Shipping your product — Cube out, or gross out?
Manufacturing in our sector is all about "pounds on the ground"... except for the slight additional issue of getting those pounds of parts to your customer.
Manufacturing in our sector is all about “pounds on the ground”… except for the slight additional issue of getting those pounds of parts to your customer.
While shipping rarely affected shop floor operations in the past, the dramatic rise in fuel prices globally has resulted in fuel surcharges and significantly higher shipping costs. If you’re pricing your product “FOB your plant” you won’t notice this cost, but your customer will. How can you reduce the shipping cost risk to successful bidding on your next contract?
Consider your production process. If you’re a typical parts producer, you’re shipping by Gaylord, tote or palletized cartons. And if your parts are large or irregularly shaped, you’re also shipping a significant amount of air. If shipping is calculated strictly by weight, that’s fine, but often there’s a formula used by freight forwarders that calculates weight and shipment volume, charging according to either the higher of the two or a combination of both. In my brief time in the shipping department, the question was, “Does it cube out, or gross out?” — meaning, “Is the shipment limited by volume, or weight?”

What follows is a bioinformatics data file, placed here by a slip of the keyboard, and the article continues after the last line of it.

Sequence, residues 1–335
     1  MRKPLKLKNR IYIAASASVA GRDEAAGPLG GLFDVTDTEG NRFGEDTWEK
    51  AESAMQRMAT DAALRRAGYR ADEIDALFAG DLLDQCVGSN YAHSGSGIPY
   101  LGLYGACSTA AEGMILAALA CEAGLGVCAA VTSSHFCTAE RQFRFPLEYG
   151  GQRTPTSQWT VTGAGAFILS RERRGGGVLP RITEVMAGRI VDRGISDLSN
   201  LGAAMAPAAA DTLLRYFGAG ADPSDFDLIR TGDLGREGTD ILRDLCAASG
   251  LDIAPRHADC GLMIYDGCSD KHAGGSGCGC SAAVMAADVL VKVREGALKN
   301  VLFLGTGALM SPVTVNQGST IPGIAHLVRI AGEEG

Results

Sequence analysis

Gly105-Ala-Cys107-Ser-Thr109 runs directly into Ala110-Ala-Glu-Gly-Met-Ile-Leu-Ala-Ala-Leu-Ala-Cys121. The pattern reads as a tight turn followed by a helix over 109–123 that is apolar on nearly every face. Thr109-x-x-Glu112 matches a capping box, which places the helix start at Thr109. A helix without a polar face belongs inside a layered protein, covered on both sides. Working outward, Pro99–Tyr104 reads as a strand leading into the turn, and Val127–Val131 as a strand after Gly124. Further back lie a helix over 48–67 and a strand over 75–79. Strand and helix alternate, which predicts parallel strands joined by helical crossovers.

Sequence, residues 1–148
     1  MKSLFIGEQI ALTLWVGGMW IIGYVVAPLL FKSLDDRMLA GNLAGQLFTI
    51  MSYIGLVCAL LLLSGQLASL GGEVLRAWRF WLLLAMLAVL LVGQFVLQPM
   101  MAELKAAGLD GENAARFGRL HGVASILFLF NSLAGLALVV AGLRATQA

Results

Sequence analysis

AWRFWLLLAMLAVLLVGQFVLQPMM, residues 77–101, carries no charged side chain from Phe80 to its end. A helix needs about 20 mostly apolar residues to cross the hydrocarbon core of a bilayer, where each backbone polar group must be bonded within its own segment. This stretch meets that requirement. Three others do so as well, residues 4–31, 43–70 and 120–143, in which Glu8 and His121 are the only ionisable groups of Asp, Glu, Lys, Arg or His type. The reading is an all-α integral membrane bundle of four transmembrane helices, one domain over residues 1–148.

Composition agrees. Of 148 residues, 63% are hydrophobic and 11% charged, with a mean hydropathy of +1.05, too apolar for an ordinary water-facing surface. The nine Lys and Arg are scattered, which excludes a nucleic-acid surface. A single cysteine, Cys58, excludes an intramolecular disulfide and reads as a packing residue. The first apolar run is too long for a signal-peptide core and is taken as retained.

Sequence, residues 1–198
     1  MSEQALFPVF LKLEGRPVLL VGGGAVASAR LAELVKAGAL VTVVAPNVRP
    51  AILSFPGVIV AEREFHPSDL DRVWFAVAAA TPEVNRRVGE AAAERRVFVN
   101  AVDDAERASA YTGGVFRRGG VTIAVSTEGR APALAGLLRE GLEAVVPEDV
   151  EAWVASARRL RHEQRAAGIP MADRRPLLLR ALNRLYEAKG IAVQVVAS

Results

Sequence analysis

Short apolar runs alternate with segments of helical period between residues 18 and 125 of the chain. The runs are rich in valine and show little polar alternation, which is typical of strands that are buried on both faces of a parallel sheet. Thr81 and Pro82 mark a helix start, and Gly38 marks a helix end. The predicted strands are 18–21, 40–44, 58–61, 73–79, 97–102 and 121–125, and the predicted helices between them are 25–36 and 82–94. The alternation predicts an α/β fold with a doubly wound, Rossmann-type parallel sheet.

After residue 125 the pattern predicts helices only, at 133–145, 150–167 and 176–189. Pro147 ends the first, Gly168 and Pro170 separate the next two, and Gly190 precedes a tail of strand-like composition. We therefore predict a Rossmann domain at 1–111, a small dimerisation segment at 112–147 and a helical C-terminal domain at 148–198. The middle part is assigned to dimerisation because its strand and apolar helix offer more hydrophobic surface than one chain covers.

If your parts are coming off your equipment by gravity or conveyor, they’re randomly distributed in your packaging. How much more dense could the packing be if the parts were carefully placed or nested in the containers? While this might seem cost-prohibitive from a labour standpoint, are you sure your robotics can’t do a little more than yank the parts out of the mold?
One possibility is an outfeed table that allows the automation to drop parts strategically, nested if possible, to be either hand packed or conveyed in a more compact form. For parts without difficult form aspect ratios, don’t overlook the value of vibration. If you get a chance to visit your customer, it’s worth looking at your shipment as it arrives on your customer’s loading dock. You might be surprised at the amount of dead space that evolves as your contents “settle” during transportation. Can you take advantage of this before you ship? If you’re molding containers, how about using the draft built into the part to nest then into columns? If you can get in at the design stage, it might make sense to add draft to a part to facilitate nesting.
One pet peeve of mine is the expensive infrastructure built around customer-owned shipping containers. I’ve seen general purpose steel Gaylords used for foam core lightweight parts where I’d swear the box weighs more than the parts inside. Consider shipping solutions involving collapsible racking or Gaylords, and don’t write off non-woven poly totes and Kraft paper, either. Take a look at how you can stack paper Gaylords of resin and consider that anything molded could ship in the same type of container, at least two-up.
Sometimes you have to think inside the box!